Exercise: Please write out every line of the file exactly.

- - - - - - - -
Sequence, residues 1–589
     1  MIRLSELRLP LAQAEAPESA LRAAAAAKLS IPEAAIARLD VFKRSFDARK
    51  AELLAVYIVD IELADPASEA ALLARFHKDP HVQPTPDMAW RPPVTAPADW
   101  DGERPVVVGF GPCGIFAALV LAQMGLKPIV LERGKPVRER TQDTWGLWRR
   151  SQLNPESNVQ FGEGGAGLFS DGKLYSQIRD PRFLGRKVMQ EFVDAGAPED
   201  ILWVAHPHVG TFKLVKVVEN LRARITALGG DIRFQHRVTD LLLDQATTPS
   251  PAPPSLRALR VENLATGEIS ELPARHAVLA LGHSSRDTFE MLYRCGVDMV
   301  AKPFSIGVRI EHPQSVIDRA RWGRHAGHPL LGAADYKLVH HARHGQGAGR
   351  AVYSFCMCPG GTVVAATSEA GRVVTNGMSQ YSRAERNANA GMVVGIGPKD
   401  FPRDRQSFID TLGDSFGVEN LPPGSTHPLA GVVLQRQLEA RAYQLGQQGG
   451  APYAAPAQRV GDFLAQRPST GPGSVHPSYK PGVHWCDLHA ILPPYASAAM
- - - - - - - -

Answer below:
Sequence, residues 1–589
     1  MIRLSELRLP LAQAEAPESA LRAAAAAKLS IPEAAIARLD VFKRSFDARK
    51  AELLAVYIVD IELADPASEA ALLARFHKDP HVQPTPDMAW RPPVTAPADW
   101  DGERPVVVGF GPCGIFAALV LAQMGLKPIV LERGKPVRER TQDTWGLWRR
   151  SQLNPESNVQ FGEGGAGLFS DGKLYSQIRD PRFLGRKVMQ EFVDAGAPED
   201  ILWVAHPHVG TFKLVKVVEN LRARITALGG DIRFQHRVTD LLLDQATTPS
   251  PAPPSLRALR VENLATGEIS ELPARHAVLA LGHSSRDTFE MLYRCGVDMV
   301  AKPFSIGVRI EHPQSVIDRA RWGRHAGHPL LGAADYKLVH HARHGQGAGR
   351  AVYSFCMCPG GTVVAATSEA GRVVTNGMSQ YSRAERNANA GMVVGIGPKD
   401  FPRDRQSFID TLGDSFGVEN LPPGSTHPLA GVVLQRQLEA RAYQLGQQGG
   451  APYAAPAQRV GDFLAQRPST GPGSVHPSYK PGVHWCDLHA ILPPYASAAM